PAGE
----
Veterans looking for a civilian job are often seen as “agentic and unemotional.”
That’s according to research from Duke University’s Fuqua School of Business. The research suggests that veterans are often discounted when it comes to jobs that leverage emotional intelligence and interpersonal and leadership skills.
Instead, the research found that veterans are buttonholed into jobs where they work with things rather than people.
The research was made up of 10 studies and randomized experiments. Nearly 3,000 participants took part, including those with no hiring experience, as well as seasoned managers and recruiters
One of the studies found that as managers evaluated resumes for positions in a large American restaurant chain, “their choices showed they thought veterans were more suited to the kitchen as opposed to jobs where they would be dealing with people,” said Aaron Kay, a Fuqua management professor and senior author of the research. “Importantly, veterans were not liked less – managers just thought the kitchen is where they would thrive.”
Kay noted that the challenges veterans face while transitioning to the civilian sector are well documented, but that there’s little research on how employers’ perceive military veterans, and how that may factor into the types of jobs veterans land when leaving the service.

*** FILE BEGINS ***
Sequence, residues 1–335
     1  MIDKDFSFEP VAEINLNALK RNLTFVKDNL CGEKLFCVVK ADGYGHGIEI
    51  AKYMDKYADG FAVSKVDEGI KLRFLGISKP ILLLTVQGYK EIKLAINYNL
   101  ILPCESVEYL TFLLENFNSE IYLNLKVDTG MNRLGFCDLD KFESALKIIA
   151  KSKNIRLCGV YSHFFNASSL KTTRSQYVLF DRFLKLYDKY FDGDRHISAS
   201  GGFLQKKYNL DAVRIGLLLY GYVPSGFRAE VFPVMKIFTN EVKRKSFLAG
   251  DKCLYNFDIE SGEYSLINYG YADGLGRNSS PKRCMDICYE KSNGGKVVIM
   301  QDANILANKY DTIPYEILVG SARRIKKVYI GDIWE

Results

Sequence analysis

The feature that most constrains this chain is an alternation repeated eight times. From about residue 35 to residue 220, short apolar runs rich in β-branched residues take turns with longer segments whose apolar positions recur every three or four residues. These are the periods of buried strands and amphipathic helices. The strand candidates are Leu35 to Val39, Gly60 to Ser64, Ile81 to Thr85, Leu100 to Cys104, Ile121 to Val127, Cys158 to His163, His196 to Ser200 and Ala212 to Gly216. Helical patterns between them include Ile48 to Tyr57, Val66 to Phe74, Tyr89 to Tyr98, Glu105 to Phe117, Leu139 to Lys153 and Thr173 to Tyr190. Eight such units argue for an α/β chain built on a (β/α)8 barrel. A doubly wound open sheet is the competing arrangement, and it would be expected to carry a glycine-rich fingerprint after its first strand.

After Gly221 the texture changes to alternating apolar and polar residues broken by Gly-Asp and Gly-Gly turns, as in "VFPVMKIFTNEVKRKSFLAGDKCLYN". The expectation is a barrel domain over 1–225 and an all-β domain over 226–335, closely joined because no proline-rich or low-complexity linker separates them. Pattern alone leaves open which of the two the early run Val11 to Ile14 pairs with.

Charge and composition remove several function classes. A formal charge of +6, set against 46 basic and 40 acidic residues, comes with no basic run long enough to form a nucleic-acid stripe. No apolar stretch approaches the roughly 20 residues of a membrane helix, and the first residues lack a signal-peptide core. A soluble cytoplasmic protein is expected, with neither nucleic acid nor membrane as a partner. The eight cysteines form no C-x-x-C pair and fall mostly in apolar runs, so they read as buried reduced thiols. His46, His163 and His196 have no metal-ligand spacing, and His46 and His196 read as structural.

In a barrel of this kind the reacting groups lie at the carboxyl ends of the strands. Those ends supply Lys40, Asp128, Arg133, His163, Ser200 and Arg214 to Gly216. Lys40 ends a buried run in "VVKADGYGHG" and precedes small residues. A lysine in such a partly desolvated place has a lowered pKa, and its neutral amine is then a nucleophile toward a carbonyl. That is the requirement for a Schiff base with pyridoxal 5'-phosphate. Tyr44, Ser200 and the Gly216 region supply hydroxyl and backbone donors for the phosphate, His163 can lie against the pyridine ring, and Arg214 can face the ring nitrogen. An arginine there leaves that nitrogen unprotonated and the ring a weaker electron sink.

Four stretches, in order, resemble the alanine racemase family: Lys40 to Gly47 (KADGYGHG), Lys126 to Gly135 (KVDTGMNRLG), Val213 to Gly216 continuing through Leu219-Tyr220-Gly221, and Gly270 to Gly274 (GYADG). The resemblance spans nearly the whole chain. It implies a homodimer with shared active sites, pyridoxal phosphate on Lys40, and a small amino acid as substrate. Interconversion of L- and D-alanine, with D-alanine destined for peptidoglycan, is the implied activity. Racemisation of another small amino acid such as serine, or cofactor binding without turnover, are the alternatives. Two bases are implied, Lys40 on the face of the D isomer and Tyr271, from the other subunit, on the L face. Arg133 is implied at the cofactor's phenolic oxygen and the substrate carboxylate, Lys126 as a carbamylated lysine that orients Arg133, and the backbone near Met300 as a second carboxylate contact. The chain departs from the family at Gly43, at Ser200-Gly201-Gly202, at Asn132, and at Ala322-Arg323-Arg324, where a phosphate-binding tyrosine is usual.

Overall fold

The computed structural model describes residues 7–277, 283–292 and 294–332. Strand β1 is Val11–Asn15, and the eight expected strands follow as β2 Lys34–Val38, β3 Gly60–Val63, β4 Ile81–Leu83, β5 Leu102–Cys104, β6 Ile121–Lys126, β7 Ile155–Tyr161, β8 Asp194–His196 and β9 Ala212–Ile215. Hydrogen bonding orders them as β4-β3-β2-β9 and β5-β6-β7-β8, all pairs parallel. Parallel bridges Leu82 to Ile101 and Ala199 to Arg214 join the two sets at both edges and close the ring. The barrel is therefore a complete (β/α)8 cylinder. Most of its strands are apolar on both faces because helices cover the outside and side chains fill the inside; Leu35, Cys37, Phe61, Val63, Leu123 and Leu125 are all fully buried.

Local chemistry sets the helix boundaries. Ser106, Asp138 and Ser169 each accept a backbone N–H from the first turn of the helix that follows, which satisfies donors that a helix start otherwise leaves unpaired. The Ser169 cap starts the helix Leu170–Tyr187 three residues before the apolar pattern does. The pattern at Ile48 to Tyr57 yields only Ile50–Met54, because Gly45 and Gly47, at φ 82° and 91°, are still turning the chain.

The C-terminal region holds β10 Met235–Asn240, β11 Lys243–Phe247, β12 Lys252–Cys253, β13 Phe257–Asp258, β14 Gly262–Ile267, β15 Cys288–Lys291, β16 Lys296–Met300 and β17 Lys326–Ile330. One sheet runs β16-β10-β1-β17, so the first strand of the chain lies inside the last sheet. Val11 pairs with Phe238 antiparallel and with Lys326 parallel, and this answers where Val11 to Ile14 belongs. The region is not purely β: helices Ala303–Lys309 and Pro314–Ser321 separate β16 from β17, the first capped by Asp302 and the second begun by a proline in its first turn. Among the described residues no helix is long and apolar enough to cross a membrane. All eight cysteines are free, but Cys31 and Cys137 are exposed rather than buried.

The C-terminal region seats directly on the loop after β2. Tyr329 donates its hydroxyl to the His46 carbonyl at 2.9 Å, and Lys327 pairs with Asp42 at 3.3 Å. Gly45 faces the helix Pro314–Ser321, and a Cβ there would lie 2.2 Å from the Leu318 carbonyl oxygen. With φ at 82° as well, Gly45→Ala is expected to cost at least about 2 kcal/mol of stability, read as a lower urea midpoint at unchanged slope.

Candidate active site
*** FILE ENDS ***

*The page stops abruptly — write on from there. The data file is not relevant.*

“We have seen companies make efforts to hire more veterans, but their efforts often fall short when it comes to recruiting them and placing them in the right roles,” Kay said. “And it may be because no one has really ever tried, from a basic theoretical perspective, to understand others’ perceptions of veterans."
So, what’s a veteran to do to avoid being typecast when looking for a job? Kay said veterans can simply edit their resumes to include both military service and volunteer experience.
“We are going to keep working on understanding these hiring biases and how to eliminate them, as well as working with veterans to understand their experiences as they transition to the workforce,” he said.
Kay collaborated with researchers Steven Shepherd of Oklahoma State University and Kurt Gray of the University of North Carolina at Chapel Hill. The research was funded by a Microsoft Military Affairs research gift.